This Dress, a la francaise, that Madame de pompadour is wearing demostrates her position in the high society of France and the royal court. 
France led the way in the luxury trade in that time. For example, Lyon was the principal centre of silk weaving and embroidery, while Paris became the centre of haberdashery, accessories and innovative drapery. 
Lots of boutiques of the marchandes de modes (fashion merchants), jewellers and miliners were set up in Rue du Faubourg Saint-Honore and Rue de la Paix (nowadays, an area of luxury brands).

Marie Antoinette
Archduchess of Austria and Queen of France and Navarre.

Contemporary Designers

Haut-Couture has stolen the french court in many ocations and different designers.

Dior By John Galliano A/W 2007

Modern Rococo Style By Chanel  

Alexander McQueen

Vivienne Westwood 

Christian Lacroix

Jean Paul Gaultier

Balenciaga By Nicolas Ghesquiere

Givenchy by Alexander McQueen 1996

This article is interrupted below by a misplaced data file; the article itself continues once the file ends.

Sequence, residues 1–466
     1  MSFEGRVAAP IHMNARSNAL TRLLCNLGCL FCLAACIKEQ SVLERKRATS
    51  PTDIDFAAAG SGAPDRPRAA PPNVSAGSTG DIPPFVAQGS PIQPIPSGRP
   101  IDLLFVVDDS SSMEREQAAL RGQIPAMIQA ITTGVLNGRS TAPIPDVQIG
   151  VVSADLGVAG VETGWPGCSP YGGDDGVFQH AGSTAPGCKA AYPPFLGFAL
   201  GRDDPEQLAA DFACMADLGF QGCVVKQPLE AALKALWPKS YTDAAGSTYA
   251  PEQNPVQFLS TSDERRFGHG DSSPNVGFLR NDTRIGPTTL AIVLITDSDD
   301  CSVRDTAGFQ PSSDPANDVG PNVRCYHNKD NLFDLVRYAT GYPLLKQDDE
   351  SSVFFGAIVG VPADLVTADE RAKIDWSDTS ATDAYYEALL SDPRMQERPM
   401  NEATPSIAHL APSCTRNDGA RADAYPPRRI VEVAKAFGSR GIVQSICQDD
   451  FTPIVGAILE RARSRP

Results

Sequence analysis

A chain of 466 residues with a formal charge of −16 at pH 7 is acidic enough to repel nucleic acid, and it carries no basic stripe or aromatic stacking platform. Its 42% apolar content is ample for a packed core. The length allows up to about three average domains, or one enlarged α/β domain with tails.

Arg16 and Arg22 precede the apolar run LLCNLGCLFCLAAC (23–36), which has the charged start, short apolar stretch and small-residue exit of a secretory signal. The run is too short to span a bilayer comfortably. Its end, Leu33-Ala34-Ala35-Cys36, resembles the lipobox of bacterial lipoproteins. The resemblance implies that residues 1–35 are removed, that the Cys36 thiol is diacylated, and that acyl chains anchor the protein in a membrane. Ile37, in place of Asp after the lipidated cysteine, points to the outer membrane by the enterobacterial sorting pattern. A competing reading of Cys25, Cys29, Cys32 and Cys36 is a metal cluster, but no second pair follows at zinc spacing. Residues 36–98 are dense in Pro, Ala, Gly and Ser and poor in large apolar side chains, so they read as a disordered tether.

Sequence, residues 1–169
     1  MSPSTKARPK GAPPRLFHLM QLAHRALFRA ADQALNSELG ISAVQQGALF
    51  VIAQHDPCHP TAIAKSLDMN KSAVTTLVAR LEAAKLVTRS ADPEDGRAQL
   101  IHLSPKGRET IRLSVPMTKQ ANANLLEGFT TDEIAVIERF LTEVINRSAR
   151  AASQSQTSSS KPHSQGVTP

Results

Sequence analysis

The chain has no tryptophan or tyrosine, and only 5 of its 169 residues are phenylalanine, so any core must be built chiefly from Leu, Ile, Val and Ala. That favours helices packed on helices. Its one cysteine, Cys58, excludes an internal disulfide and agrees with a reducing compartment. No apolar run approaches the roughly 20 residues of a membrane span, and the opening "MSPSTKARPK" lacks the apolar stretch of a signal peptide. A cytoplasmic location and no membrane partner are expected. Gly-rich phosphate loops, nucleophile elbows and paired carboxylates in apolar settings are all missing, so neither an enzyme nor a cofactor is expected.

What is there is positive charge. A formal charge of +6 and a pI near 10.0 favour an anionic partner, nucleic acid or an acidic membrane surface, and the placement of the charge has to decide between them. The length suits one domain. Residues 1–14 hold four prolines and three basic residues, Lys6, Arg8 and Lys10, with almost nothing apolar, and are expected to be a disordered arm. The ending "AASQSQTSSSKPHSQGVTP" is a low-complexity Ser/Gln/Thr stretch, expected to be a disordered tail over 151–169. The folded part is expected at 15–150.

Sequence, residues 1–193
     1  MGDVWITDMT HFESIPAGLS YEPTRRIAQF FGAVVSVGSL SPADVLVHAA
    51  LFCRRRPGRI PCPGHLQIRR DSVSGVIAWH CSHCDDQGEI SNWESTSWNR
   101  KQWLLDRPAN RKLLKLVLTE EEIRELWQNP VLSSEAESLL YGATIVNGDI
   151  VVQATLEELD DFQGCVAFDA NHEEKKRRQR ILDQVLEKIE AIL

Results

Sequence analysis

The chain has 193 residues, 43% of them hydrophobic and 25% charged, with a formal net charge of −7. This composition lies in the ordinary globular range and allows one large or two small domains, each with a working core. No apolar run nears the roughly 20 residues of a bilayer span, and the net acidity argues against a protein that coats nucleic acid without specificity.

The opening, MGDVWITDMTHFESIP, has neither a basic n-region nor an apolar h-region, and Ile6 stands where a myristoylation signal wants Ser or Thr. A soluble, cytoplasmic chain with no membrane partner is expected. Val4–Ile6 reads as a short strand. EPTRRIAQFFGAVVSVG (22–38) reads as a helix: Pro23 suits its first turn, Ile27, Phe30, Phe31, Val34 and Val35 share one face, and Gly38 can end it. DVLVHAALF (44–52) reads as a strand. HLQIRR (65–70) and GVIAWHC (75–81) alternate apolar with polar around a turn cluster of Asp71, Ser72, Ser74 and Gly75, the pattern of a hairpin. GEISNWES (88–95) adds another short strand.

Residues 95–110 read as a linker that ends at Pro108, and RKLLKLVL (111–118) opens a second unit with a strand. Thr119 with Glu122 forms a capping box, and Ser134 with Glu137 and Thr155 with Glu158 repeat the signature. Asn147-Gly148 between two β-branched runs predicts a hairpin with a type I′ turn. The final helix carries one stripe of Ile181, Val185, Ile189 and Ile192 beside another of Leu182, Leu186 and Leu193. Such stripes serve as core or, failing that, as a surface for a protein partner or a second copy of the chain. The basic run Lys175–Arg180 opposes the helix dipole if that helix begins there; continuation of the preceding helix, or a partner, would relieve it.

The fashion for outsize hairstyles and headdresses was first set by Marie Antoinette, but it was taken to extremes by her courtiers.
Critics spoke of such hairstyles as dirty, accusing their wearers of harbouring nests of fleas.

The model of the ship (picture on the right) featured in the headdress, La Belle Poule, was well-known for its victory against the British frigate Arethusa in 1778, which began french nvolvement in the american War of Independence.


The most famous "Marie Antoinette" by Kirsten Dunst 2006 / Lucille Ball in DuBarry was a Lady (1943)
Keira Knightley in The Duchess 2008 / Glenn Close in Dangerours Liaisons 1988.


Madonna / Kate Perry / Beyonce

Campaigns: perfums

15 Jan 2015

Death became fashionable

A woman in a full mourning dress became the emblematic icon of bereavement in Europe and America during the 19th century. At the time when mortality rates were much higher than they are today, particularly during childbirth and infancy, and the average life expectacy was less than fifty, the loss of the love one was a familiar experience. Formal ritual of bereavement aided in memorializing the death, and mourning attire was subject to increasingly complex code of etiquette and fashion.